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Bamyan cave-dwellers yearning for peace

7 Nov 2020 - 10:25
7 Nov 2020 - 10:25

BAMYAN CITY (Pajhwok): Zahra, a young woman, spending her life along with her family, in a cave in central Bamyan province, is hemmed in by a whole host of problems

She cited decades of war as the only reason for them to live in such a confined space. With the restoration of peace, she believes, they will be able to walk out this jail-like dwelling.

About 3,000 caves exist around the ruined Buddha statues in Bamyan City. Dozens of poor families are still living in caves in central Afghanistan, particularly in Bamyan province.

They have no option but to live there at a time when people are looking for spacious and cozy home. And some go as far as to build mansions on water.

The cave dwellers say poverty and homelessness have forced them to reside in places, without access to water, electricity and other elemental amenities.

Post marriage, Zahra, 35, started living in a cave with her husband and four children. She vainly hoped for a better tomorrow.

The carpet inside the cave, where Zahra is living, is made of tattered papers and plastic.

A resident of Saighan district, she got married without her consent about 10 years ago. She did not have any idea about her life-partner living in a cave.

She cited economic problems and insecurity as a reason behind her forced marriage. “My parents were killed in the conflict and I lived with my uncle.

“One day, a person came and popped the question. My uncle accepted the proposal without seeking my consent. I didn’t know that my fiancé was troglodyte.”

Her husband was daily-wager, earning 50 to 100 afghanis. But at times, she explained, her spouse earned nothing hundred and they had to go to bed on an empty stomach.

Breaking into tears, she said: “We eat fresh in the evening. In the morning and at noon, we have to be content with consuming dry bread.”

Sitting near the cradle of her small son, she voiced deep concern about the future of her children. But at the moment, there is little hope for a better future for them.

She always thinks how to get rid of her situation and have a better future for her children? I always think is it possible to have a better life such as having a proper house, food and household goods, or will it remain a dream?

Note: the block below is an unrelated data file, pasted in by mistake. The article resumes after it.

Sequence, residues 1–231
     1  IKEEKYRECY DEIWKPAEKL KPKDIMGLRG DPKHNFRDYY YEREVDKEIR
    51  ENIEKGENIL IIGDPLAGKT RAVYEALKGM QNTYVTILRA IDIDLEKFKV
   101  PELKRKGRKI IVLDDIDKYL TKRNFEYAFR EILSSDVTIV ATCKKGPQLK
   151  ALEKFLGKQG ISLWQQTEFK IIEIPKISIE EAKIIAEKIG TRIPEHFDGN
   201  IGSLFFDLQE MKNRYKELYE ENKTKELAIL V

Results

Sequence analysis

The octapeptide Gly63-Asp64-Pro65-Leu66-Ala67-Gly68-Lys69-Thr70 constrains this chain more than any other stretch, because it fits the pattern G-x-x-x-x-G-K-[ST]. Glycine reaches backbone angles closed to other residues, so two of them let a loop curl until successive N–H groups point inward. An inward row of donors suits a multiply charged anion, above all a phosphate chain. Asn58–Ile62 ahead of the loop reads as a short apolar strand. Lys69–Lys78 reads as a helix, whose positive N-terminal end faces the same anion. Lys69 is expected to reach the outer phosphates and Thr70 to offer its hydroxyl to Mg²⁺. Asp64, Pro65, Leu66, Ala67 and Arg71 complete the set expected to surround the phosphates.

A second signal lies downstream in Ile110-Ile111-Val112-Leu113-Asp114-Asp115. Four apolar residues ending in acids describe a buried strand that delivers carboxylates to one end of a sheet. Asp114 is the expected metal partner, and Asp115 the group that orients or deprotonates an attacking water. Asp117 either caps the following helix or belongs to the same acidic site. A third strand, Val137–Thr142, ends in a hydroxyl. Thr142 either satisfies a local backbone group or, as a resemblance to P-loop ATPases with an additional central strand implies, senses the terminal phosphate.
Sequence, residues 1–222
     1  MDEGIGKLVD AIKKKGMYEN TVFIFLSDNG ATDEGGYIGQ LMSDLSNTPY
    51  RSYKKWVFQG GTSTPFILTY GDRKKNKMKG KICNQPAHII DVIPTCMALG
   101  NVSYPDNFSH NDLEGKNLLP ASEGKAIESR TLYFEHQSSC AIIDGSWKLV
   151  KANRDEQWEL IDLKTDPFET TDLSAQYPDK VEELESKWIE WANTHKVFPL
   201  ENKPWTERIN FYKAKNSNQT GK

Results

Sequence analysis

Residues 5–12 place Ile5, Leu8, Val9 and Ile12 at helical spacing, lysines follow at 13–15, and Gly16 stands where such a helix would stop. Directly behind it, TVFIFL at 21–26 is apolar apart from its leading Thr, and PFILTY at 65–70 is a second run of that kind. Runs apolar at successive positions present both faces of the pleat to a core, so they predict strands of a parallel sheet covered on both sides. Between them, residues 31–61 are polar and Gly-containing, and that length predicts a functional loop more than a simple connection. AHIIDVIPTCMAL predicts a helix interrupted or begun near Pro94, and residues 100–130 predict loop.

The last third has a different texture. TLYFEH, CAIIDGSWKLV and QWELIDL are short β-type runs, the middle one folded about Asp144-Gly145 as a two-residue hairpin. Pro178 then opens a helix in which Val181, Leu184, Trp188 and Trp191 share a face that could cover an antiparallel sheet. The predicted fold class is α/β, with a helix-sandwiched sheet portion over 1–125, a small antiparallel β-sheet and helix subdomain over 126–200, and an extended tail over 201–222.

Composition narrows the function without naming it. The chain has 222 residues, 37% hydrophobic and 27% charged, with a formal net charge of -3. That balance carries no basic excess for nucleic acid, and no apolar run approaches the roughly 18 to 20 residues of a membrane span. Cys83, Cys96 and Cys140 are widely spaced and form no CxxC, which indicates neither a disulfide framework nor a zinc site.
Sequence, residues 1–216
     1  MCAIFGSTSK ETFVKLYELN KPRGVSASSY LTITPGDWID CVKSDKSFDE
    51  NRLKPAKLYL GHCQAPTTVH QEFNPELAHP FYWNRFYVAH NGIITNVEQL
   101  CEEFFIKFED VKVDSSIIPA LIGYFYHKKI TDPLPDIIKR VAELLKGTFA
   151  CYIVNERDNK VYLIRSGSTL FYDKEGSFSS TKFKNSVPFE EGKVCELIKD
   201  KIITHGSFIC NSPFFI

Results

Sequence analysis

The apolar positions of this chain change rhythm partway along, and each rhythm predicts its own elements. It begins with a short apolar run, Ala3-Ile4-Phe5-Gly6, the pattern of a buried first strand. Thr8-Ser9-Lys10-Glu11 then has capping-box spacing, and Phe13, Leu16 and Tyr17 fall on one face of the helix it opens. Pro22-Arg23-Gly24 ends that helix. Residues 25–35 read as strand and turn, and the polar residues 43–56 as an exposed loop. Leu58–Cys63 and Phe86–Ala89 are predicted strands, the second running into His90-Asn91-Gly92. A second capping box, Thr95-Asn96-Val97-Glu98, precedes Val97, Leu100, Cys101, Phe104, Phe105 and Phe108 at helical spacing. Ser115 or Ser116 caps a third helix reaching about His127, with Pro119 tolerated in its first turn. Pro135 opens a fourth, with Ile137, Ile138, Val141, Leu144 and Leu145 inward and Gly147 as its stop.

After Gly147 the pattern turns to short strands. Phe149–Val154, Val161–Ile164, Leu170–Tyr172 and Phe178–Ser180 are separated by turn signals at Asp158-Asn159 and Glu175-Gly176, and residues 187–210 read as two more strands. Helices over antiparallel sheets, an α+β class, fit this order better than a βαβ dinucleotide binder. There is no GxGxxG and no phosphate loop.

Zahra’s children, who like dozens of other children, have been unaware of life comforts in the caves. They play games daily in this muddy place.

Zahra wishes her children study and become educated, but achieving this dream would be possible if peace and stability returns to the country.

She said, “My only wish is to get out of this cave, we want peace, a peace that brings stability so we have a peaceful life and we may be saved from this misery and witness a day when we come out from this cave and live up to hopes and aspirations of our children.”

Zahra’s eldest child is six years old and has just entered the first grade, but due to the long distance between the school and the cave, he is not attending his school well and as a result he cannot learn the lessons as needed.

She told the Taliban militants, “We all are the people of this country and we are brothers, let’s hold each other hands and stop killing each other and try to protect our people from misfortunes that exist today.”

Meanwhile, Mohammad Ali, Zahra’s husband, complained about their poor economic situation: “We have no choice but to live in this cave. If there was no war and if there was work and we had a good economy, we would have built a single or two-room house and would have an honorable life.”

He urged the Afghan government and the Taliban to declare peace and work for stability and a united Afghanistan so that no family suffers from this ongoing conflict.

According to him, most of Bamyan residents are poor because little work has been done to improve the economic situation and social life of people due to the conflict.

This report has been produced by Pajhwok and financially supported by UNDP.


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